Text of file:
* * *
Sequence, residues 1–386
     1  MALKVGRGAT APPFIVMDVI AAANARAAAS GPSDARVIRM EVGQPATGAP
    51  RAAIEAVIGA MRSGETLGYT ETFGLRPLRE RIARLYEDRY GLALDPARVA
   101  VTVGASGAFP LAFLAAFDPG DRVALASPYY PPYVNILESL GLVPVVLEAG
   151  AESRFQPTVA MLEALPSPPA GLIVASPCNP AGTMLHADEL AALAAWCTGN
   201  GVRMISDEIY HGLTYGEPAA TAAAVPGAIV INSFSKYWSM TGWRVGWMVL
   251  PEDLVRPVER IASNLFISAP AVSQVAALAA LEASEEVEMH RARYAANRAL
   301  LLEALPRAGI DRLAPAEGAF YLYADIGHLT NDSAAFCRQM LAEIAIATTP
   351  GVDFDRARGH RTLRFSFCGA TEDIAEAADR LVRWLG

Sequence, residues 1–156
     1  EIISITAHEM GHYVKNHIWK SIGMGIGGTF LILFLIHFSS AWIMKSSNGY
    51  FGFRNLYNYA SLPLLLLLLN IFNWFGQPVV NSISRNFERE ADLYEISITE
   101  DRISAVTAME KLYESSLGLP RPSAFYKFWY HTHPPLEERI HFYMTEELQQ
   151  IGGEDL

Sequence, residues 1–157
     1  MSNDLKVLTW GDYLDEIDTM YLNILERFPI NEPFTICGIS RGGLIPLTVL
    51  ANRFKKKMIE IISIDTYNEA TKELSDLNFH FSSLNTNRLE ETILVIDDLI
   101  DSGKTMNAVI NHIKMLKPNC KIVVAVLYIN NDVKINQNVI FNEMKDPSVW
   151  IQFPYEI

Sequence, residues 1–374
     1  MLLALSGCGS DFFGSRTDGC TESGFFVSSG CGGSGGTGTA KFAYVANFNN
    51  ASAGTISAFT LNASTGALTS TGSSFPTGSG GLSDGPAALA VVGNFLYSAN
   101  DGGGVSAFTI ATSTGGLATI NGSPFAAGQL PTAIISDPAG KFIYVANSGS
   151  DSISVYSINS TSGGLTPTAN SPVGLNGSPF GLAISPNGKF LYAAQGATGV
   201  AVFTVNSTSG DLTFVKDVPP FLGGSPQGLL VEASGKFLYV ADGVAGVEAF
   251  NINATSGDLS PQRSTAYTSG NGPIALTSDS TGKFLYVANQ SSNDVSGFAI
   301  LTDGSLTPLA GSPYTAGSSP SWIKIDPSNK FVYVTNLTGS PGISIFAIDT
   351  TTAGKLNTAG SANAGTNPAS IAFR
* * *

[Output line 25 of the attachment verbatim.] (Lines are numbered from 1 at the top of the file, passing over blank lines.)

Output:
   201  AVFTVNSTSG DLTFVKDVPP FLGGSPQGLL VEASGKFLYV ADGVAGVEAF